The thought of using both a furnace and heat pump can feel somewhat unusual at first. After all, why would you need two sources of heat? While furnaces and heat pumps both produce energy-efficient heat, the variations in their design really make using both of them a worthwhile option. It’s not for everybody, but under the right conditions you can truly benefit from having a furnace and a heat pump.
You should think about several factors in order to determine if this sort of setup helps you. Your local climate and the dimensions of your home are both highly important, namely for the heat pump. This is because some models of heat pumps begin to run less efficiently in colder weather and larger homes. Even so, you can still benefit from heat pump installation in Greater Richmond.
Heat Pumps May Be Less Efficient in Colder Weather
Heat pumps are generally less reliable in colder weather as a result of how they create climate control to start with. Compared to furnaces, which ignite fuel to create heat, a heat pump reverses its stream of refrigerant to draw heat from outdoor air. This heat is then brought inside and distributed throughout your home. As long as there is still a bit of heat energy in the air, a heat pump can function. But the cooler the temperature, the less reliable this process is.
The less heat energy is available outside, the more time is needed for a heat pump to bring heat indoors to generate your desired temperature. It can depend on the type of make and model, but heat pumps may start to lose efficiency at temperatures of 40 degrees and under. They should still be an energy-efficient option until 20-25 degrees, at which a gas furnace is more effective.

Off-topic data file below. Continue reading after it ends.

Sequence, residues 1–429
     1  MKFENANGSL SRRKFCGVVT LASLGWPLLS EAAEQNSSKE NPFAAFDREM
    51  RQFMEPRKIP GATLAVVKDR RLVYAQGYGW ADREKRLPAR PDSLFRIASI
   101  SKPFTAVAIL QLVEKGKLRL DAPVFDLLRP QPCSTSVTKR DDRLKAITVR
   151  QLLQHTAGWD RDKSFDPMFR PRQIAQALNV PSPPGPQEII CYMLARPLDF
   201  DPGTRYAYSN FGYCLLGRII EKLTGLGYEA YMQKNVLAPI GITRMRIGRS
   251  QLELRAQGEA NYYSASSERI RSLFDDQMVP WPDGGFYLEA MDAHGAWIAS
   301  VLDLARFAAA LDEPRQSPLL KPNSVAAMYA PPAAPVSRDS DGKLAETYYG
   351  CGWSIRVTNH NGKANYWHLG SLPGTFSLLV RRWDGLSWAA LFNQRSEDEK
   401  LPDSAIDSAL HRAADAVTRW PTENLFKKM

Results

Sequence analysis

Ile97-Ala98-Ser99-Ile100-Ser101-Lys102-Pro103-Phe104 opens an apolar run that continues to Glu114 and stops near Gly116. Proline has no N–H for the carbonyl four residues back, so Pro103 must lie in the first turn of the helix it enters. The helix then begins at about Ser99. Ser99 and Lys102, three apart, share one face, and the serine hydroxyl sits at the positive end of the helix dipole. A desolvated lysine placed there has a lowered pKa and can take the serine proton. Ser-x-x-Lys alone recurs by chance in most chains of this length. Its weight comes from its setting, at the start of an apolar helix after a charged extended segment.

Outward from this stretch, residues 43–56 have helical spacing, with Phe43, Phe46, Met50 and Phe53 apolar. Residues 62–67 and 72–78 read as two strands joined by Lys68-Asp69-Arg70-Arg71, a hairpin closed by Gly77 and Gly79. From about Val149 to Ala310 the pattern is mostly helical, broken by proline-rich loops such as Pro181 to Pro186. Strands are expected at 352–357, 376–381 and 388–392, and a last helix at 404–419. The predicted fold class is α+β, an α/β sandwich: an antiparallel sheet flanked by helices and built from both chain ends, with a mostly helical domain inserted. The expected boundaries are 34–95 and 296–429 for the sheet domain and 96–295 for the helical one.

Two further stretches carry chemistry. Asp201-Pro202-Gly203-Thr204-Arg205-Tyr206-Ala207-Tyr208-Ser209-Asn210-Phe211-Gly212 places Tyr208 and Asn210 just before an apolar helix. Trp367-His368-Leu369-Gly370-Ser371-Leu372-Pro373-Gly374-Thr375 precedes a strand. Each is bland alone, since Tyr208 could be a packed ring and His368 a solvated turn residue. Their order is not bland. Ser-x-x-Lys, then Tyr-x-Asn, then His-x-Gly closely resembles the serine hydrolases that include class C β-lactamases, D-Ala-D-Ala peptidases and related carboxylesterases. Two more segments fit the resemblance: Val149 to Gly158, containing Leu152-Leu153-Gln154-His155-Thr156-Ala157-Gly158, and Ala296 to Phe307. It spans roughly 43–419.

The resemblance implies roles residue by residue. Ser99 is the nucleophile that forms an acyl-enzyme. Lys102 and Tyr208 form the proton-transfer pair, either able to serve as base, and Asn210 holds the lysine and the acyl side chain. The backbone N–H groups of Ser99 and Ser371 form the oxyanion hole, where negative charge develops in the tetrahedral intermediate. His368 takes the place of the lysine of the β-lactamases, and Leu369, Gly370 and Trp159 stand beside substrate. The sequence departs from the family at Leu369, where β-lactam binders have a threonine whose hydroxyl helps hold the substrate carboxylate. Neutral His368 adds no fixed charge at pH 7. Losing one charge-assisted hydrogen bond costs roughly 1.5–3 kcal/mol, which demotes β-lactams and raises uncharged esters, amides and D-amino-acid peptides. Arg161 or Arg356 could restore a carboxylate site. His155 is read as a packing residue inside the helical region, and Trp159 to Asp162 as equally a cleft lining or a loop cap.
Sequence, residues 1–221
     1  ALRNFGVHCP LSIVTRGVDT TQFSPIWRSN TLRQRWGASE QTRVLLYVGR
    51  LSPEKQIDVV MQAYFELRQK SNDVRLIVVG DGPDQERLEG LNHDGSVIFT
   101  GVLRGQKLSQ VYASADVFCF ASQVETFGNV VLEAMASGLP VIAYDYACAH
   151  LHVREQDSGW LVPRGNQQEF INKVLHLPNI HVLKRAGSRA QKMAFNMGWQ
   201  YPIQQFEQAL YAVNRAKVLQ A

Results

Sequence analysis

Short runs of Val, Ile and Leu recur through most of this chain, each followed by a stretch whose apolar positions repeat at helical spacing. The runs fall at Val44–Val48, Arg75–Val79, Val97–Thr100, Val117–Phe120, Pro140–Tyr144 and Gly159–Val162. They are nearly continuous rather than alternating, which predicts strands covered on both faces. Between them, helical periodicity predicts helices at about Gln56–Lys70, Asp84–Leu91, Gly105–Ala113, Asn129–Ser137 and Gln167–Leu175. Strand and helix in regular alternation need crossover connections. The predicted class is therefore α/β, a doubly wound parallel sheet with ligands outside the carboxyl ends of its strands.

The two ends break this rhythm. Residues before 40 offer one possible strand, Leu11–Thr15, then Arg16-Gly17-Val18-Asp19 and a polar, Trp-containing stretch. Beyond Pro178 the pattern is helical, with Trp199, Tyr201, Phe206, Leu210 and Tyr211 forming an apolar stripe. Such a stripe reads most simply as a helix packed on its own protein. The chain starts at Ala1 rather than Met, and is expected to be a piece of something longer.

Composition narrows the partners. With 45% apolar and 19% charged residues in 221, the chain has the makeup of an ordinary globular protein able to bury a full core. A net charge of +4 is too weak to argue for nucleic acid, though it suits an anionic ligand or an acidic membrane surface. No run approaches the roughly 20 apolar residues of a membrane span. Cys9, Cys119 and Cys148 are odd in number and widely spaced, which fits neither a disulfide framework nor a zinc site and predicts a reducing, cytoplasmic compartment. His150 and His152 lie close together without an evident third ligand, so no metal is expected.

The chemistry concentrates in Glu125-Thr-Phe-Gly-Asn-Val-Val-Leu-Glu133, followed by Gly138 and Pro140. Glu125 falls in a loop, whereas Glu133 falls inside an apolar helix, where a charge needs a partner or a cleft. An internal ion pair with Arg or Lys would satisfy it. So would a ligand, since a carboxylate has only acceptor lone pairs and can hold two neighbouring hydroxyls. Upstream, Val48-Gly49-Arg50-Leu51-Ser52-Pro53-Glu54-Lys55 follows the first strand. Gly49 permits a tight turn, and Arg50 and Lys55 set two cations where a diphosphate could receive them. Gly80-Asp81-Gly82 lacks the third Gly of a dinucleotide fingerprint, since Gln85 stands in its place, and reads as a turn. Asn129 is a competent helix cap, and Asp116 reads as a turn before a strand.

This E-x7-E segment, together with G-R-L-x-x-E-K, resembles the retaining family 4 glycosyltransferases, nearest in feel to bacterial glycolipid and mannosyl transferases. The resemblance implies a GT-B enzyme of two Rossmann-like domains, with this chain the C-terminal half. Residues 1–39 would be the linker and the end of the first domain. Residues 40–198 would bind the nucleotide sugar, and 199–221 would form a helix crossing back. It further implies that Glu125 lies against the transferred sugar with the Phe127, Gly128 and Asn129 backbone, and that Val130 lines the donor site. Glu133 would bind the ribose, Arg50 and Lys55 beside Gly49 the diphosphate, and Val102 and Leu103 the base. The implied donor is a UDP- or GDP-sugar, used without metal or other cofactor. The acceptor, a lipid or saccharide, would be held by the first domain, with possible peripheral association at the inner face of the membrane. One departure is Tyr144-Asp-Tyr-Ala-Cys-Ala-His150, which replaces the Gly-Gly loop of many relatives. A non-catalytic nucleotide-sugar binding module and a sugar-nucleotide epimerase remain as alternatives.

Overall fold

What Temperatures Do Heat Pumps Work Best In?
Heat pumps manage best in temperate climates 40 degrees and up. That said, you don’t have to give up on the benefits of a heat pump just because your local climate is cooler. After all, that’s why having both a furnace and heat pump may be worth the expense. You can use the heat pump for energy-efficient heat until the weather is cold enough to warrant shifting to something like a gas furnace.
A few makes and models feature greater effectiveness in cold weather. For example, the Lennox MLA heat pump is capable of running at 100% capacity at 0°F. It can even remain efficient in temperatures as extreme as -22°F. For maximum energy efficiency, you’ll likely still want to use the furnace in severely cold weather.
So Should I Put In a Heat Pump If I Own a Gas Furnace?
If you’re thinking about maintaining the most energy-efficient HVAC system achievable, installing a heat pump and gas furnace at the same time warrants the investment. Not only is a dual-heating system flexible, but it features other benefits including:
- Reliable backup heating – A redundant heating system means even if one fails, you still have the capability to heat your home. It may not be the most energy efficient, but it’s better than living in an unheated home while you sit around for repairs
- Fewer energy costs – The ability to choose which heating system you use depending on the highest energy efficiency reduces your total costs. Smaller heating bills over the life span of these heaters can really add up to lots of savings
- Less strain on both systems – Compared to running one system all winter long, heating resources are separated between the furnace and heat pump. Key parts may live longer as they’re not under nonstop use.
If you’re still not sure about heat pump installation in Greater Richmond, don’t hesitate to contact your local professional technicians. They can review your home’s comfort needs and help you decide if a dual-heating HVAC system is the ideal option.